Bootcamp Survival Guide

What I wish I knew before enrolling in coding bootcamp

Photo by Lagos Techie on Unsplash

As someone who changed careers three times, transferred schools, and received my BA in a timeline of 6 years, I thought I was done thinking about my career. Then a global pandemic happened and few hundred thousand people including myself, decided to make a career change. In the looming days of covid anxiety and banana bread madness, I recalled teaching myself HTML5 and CSS from the advice of a friend. He suggested coding as a possible avenue to combine my own passions of language and art. I remembered the gangling nature of my fingers as they hastily try to write out a basic styling and all the red that littered my code when I forgot to close a tag. It was something new but familar. It was the comfortable ritual of creating, but my tools were a keyboard and a monitor, and my mark on a page was a blinking cursor.

That memory reinvigorated my self education in coding, eventually leading me to the world of coding bootcamps. After much consideration, time spent exhausting my resources, and bothering my only programmer friend, I felt comfortable to commit to a school. Within the week of applying I found myself enrolled in a part time, online, intensive 10 month software engineering bootcamp.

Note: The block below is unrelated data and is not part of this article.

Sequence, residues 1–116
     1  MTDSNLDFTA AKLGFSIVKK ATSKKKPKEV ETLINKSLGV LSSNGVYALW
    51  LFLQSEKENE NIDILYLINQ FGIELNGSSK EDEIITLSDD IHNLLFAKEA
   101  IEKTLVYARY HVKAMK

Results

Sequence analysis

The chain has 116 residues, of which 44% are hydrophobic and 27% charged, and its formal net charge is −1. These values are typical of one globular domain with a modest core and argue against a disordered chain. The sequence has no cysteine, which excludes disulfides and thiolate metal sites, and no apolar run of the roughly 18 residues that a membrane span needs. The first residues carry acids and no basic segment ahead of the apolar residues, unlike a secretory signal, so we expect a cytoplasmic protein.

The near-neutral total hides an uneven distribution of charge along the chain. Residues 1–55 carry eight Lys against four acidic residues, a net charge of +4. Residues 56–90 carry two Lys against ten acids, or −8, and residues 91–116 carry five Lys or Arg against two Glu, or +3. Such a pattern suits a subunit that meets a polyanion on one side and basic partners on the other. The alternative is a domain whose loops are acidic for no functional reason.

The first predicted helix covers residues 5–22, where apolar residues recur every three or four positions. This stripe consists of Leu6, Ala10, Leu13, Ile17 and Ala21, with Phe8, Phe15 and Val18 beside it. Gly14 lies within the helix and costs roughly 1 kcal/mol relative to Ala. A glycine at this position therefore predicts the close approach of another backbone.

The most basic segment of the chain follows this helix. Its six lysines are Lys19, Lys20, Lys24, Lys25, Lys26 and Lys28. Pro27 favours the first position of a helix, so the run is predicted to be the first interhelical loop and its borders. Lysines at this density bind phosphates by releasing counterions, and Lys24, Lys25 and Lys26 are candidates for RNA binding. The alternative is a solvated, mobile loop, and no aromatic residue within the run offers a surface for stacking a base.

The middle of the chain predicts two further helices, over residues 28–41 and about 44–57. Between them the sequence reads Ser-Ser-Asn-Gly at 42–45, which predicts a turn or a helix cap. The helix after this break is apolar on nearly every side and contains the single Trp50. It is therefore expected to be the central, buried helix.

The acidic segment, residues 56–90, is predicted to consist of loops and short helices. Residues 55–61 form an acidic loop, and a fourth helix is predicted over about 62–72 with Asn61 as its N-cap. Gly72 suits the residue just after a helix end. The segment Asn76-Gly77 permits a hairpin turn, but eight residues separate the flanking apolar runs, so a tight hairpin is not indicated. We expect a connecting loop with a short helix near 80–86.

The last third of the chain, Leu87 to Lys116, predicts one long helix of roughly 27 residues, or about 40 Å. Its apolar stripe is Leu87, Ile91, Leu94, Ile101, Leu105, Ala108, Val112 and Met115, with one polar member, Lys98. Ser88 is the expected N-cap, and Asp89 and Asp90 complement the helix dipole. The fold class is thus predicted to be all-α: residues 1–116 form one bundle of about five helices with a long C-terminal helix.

With much time to reflect on the past months I’ve compiled a few things to keep in mind when entering a bootcamp:

  1. Research the offered curriculum of your bootcamp of interest. Given that every bootcamp has their own curriculum, it’s important to understand the basis of what you’ll be learning in the span of the bootcamp. Look up the frameworks and languages you’ll be learning and understand how they’ll apply to you in the real world. Which languages align with your ideal career path? Which seem necessary to know? Even better, look up ideal job positions on LinkedIn and look at what languages are expected for the job offer. This will help you gauge what the market demands and shape where your knowledge will be focused for the bootcamp.

Software Developer and visual artist based in NYC. Join me on my journey to coding enlightenment or a torrential mental breakdown, whichever comes first.